There are other things you need to prepare for: how to incorporate, handle taxes and keep your accounts in other (this is probably a no-brainer for you)

    I would also advise you to know your strenghts and weaknesses as it applied to the business world. As a Customer Relationship Management (CRM) consultant, you or your company will need to be technically strong and to be market savvy at the same time. So, do a SWOT analysis (Strenghths, Weaknesses, Opportunities and Threats) and come up with a plan to compensate for your personal weaknesses. Because as Sun Tzu said,

    If you know the enemy and know yourself, you need not fear the result of a hundred battles.

    If you know yourself but not the enemy, for every victory gained you will also suffer a defeat.

    If you know neither the enemy nor yourself, you will succumb in every battle.

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  7. Clekamaks   February 19, 2009 at 2:51 am

    Dear Mr Tagbo,

    I have a background in Accounting, and I am thinking of going into consultancy in the field of IT sometime in the near future.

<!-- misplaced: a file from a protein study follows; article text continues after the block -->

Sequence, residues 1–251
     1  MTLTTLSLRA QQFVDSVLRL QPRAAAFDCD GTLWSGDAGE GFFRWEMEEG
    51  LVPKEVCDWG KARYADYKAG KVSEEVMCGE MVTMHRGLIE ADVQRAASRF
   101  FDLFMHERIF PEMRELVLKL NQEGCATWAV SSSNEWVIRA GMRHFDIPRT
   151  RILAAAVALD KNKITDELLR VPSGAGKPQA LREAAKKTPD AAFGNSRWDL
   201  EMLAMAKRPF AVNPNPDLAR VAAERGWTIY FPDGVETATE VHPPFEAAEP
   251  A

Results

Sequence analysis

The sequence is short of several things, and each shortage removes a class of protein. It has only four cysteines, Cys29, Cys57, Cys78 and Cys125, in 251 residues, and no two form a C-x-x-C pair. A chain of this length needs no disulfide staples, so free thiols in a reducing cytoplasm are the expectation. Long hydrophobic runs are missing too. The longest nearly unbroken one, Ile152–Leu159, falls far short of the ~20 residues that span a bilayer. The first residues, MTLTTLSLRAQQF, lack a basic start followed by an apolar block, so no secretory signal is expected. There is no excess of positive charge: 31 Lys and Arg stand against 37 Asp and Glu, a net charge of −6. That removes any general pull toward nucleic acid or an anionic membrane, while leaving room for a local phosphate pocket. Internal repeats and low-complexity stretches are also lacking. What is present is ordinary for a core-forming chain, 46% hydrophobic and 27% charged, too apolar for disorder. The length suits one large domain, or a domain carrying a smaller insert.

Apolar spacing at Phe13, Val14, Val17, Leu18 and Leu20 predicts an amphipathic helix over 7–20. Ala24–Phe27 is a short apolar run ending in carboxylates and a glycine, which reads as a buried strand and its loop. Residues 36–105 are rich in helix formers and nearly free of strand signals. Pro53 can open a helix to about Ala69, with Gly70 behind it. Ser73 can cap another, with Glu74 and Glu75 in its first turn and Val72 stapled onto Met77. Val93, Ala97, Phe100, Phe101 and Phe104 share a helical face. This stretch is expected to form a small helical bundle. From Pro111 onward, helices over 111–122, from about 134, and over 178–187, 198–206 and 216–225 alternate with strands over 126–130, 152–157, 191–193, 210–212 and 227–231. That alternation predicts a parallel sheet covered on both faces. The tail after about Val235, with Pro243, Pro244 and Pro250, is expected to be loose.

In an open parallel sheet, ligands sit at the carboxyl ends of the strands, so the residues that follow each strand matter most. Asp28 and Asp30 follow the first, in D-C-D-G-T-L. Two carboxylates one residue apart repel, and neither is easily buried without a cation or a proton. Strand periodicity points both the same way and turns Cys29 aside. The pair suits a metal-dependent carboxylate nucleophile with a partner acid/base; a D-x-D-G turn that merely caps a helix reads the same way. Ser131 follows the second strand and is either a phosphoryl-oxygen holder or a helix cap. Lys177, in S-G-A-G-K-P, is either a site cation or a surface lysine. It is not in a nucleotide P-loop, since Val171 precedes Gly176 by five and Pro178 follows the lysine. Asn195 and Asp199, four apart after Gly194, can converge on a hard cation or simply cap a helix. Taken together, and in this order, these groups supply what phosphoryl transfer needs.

Some has advised that I acquire training in Customer Relationship Management, CRM.

    Please how does that align with my training in accountancy.

    Though I have researched crm and very much like it.

    Thanks

    ReplyTweet
  8. Kingsley Tagbo   February 18, 2009 at 8:21 am

    Brian:

    That is excellent, you’ve provided us with sufficient information to work with.

    We will review it and get back to you with a customized, career advancement plan.

    Best Wishes

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  9. Brian P   February 18, 2009 at 8:15 am

    Here’s a brief outline of my career advancement plan. Can you review and let me know if I’m on the right track?

    Background: 20 years experience in garment manufacturing industry. Data entry, customer service, production planning, materials purchasing. Always interested in how different data from different departments could be better utilized for more efficiency. Presently unemployed and planning to become data analyst.

    Strategy
    : Taking classes at career resource center in Excel 2007 and Access 2003 – will be complete by beginning June. Also planning to learn SQL within the same time frame (possibly with your SQL Boot Camp.

    Comments/Suggestions?